I have to say, as a long-time Legion fan and someone who has been positively ecstatic for their return, Millennium is kind of a bust. A stocked team of artists, including the lean, tonally appropriate Andre Lima Araujo, bring some beautiful visuals with plenty of splash pages and eye-grabbing layouts. But it’s all surface-level spectacle thanks to Bendis’ truly baffling, meandering script. A Legion story in name only, Legion of Super-Heroes: Millennium #1 is decidedly not the glorious return fans of the 31st century have been wanting.

We open in some indeterminate future. An unseen woman is talking to yet another unseen character about something that will “sound insane.” One would think this would have far-future implications that would affect the Legion, or maybe be a character we closely associate as a Legionnaire, perhaps introducing the crux of this return. But we would be wrong, as it’s only Rose, last seen stirring up trouble in the more street-level Action Comics. And she is appealing to an older Supergirl to help her find the medicine that kept her murderous alter-ego in check over the decades, speaking of the former villain like an abusive partner who is in danger of being released back to the public.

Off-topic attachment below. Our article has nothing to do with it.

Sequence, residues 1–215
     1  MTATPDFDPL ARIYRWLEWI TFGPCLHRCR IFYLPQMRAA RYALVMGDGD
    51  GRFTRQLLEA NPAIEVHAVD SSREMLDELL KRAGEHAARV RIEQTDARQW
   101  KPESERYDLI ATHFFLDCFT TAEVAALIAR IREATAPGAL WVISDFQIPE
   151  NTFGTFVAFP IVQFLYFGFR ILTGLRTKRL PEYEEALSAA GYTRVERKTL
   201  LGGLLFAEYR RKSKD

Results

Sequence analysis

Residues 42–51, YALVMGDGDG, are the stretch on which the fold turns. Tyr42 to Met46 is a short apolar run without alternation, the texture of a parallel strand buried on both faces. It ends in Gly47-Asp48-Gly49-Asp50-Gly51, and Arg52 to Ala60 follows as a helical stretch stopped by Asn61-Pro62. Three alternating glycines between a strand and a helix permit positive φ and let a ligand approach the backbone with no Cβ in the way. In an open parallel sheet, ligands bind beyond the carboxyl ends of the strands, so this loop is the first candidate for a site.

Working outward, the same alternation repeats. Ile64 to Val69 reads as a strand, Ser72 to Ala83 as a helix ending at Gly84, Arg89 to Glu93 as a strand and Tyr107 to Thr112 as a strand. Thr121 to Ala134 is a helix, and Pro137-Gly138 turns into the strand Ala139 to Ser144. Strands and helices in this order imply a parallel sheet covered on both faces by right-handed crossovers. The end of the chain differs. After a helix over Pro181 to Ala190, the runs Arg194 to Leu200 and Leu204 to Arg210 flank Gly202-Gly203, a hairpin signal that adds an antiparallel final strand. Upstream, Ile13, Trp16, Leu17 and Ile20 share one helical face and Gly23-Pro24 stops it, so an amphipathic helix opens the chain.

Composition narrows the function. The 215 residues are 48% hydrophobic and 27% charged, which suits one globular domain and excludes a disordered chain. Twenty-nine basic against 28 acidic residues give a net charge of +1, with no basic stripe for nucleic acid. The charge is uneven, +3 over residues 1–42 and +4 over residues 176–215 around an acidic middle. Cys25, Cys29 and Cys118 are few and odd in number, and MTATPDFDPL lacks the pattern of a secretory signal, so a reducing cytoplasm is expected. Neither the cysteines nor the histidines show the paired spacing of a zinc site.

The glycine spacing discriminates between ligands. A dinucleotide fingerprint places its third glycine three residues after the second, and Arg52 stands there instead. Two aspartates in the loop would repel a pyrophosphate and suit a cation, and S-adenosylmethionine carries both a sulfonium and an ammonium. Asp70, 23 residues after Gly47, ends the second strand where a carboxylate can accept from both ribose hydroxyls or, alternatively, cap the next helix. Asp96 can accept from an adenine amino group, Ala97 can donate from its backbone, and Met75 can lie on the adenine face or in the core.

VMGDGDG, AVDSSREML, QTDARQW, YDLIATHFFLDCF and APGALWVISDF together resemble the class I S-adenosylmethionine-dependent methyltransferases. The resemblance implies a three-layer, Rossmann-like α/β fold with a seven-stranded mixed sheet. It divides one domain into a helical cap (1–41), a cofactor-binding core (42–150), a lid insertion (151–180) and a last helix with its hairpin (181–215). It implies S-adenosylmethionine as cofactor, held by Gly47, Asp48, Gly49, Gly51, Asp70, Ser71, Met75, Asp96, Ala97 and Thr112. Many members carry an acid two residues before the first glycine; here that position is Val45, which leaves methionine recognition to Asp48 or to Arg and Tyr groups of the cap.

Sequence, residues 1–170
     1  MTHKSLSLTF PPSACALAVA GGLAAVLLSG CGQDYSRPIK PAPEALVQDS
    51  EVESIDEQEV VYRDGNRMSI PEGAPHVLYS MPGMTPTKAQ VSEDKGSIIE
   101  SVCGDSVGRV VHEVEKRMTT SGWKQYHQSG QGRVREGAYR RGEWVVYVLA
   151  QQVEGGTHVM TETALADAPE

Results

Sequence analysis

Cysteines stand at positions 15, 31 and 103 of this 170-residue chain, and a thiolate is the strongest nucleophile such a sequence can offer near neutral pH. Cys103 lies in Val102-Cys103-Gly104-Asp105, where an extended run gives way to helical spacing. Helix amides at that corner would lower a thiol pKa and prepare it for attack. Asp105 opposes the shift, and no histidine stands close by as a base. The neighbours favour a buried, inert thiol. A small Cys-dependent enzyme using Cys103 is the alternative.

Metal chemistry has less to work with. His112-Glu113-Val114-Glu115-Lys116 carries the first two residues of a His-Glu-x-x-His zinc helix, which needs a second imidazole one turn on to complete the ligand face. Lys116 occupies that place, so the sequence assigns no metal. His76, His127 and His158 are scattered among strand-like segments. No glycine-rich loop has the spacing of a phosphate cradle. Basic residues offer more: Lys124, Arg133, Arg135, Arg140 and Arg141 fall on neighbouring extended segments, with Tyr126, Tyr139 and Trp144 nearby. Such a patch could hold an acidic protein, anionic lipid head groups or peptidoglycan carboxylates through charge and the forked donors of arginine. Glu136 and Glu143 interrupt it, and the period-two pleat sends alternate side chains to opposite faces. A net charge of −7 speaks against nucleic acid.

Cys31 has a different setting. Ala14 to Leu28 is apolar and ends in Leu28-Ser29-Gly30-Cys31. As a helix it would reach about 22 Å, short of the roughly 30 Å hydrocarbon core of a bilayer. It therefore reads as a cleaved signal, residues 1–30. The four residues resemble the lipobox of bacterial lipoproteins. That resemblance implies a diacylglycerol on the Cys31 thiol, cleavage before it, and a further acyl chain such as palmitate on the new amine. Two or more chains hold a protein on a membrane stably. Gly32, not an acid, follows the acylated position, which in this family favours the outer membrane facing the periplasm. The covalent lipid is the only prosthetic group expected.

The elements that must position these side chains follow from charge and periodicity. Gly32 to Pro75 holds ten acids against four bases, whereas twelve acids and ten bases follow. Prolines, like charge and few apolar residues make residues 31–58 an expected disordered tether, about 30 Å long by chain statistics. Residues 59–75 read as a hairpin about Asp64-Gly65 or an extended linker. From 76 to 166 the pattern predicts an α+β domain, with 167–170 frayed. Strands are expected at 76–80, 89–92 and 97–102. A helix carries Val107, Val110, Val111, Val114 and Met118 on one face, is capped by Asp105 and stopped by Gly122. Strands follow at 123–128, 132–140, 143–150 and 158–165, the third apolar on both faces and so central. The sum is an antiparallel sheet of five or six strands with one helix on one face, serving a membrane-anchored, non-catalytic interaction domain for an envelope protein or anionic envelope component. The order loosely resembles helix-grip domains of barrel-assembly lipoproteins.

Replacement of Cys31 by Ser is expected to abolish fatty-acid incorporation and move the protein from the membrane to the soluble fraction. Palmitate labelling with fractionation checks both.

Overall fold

Ignoring the problematic optics of Bendis’ characterization of Rose and Thorn’s relationship for a second, this opening scene actually does strike one cool story spark. It seems that, through some quirk of meta-human biology, Rose has lived an impossible lifetime. Several in fact and she isn’t getting any older. But that’s where the interesting bits start and stop of Millennium has Bendis then takes that single idea and stretches over 20 more pages.